How is hypoplastic left heart syndrome treated?

Babies with this condition will die within days to weeks if they are not treated. Babies can be treated in a series of operations that re-route the function of the left side of the heart. Heart transplantation is another option, though it is limited by the number of infant hearts that are available. Children who have a heart transplant must take drugs to prevent organ rejection for the rest of their lives.

After birth

Once the baby is born, three surgical procedures—which are timed to coincide with the development of the lungs—are performed:

  • The Norwood Procedure: This surgery, which re-routes the blood flow to avoid the left side heart problems, is performed shortly after the child is born. The surgery turns the right ventricle—the non-defective ventricle—into the main “workhorse” ventricle that will pump blood to both the lungs and the body. The main pulmonary artery and the aorta are surgically connected with a shunt (tube), linking a branch of the aorta or the right ventricle to the pulmonary artery to supply blood to the lungs. Oxygenated blood is supplied to the body through other branches of the aorta.
  • Bi-directional Glenn Operation: This operation usually is performed about three to six months after the Norwood procedure, when the lungs are more mature and don't require ventricular force to send blood to the lungs. During this operation, the shunt to the pulmonary arteries is disconnected and a new shunt attaches the superior vena cava (major vein that drains de-oxygenated blood from the upper body to the right upper chamber of the heart) to the pulmonary artery. This new shunt diverts half of the de-oxygenated blood directly to the lungs without the need to go through the ventricle.
  • Fontan Operation: This operation is usually performed about 18 to 36 months after the Glenn operation, a time when the lungs have further matured and the vessels of the lungs can accommodate all the de-oxygenated blood from the lower part of the body. This operation connects the inferior vena cava (the major blood vessel that carries de-oxygenated blood from the lower part of the body back to the heart) with the pulmonary artery. This is done by creating a channel through or just outside the heart to direct blood to the pulmonary artery. After this operation, blood flows passively through the lungs, and the single ventricle pumps exclusively oxygenated blood to the body.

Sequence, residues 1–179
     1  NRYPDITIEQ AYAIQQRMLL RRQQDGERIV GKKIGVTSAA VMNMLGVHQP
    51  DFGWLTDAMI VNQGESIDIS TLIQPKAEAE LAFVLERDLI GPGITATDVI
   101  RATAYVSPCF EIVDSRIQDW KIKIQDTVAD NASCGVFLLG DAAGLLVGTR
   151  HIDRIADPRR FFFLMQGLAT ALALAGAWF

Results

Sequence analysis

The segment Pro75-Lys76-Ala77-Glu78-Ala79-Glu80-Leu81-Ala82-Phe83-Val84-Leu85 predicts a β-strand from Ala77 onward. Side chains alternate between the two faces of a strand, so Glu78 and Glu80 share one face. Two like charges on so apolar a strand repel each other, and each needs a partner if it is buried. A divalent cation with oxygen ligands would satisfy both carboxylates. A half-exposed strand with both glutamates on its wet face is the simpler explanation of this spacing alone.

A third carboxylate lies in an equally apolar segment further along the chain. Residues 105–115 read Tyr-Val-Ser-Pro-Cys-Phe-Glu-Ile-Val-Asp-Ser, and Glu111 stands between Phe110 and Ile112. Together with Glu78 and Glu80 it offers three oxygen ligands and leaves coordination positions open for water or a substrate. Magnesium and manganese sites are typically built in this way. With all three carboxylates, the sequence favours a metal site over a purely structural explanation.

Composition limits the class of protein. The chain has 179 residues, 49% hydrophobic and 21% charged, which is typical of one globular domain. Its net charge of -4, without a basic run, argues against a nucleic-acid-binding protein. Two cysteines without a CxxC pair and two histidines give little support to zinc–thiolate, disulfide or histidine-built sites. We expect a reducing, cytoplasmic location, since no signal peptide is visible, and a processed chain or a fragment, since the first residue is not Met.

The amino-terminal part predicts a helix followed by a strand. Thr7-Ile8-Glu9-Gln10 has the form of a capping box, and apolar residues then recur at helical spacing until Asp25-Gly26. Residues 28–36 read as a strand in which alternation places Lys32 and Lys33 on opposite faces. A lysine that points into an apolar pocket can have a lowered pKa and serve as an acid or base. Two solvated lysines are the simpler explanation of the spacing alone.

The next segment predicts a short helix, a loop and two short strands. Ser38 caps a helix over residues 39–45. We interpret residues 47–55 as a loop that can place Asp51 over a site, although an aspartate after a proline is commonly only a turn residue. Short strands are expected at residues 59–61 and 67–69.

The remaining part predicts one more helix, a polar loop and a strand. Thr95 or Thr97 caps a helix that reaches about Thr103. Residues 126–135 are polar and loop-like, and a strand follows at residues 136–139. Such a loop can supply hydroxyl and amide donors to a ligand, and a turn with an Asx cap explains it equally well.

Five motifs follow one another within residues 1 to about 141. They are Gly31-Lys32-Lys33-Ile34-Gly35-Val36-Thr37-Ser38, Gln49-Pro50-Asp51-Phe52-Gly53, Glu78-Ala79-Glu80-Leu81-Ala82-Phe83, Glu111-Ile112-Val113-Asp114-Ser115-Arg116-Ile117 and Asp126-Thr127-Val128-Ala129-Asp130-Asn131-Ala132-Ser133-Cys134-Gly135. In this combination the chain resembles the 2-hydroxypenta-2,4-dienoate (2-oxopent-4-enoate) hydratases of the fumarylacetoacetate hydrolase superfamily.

The decision about which surgical approach to take will depend on:

  • The baby's overall health;
  • The extent of the disease;
  • The surgeon's expertise;
  • Expectations about how the baby's disease might develop in the future, and;
  • The wishes of the parents.

Because these surgeries are complex and need to be personalized for each baby, your heart doctor will help you decide which medical and surgical approach will be best for your baby.

Before birth

Two new approaches to treating hypoplastic left heart syndrome while the baby is still in the uterus are being explored:

  • In a small group of fetuses in which the hole between the atria is closed, a procedure known as fetal balloon atrial septostomy opens the hole before the baby is born.
  • Another group of children develop a problem with the aortic valve, which leads to enlargement of the left ventricle. The left ventricle then shrinks, causing hypoplastic left heart syndrome. One proposed surgery is to open the aortic valve before the left ventricle shrinks.

There are significant risks to these procedures, and the outcomes are still mixed.

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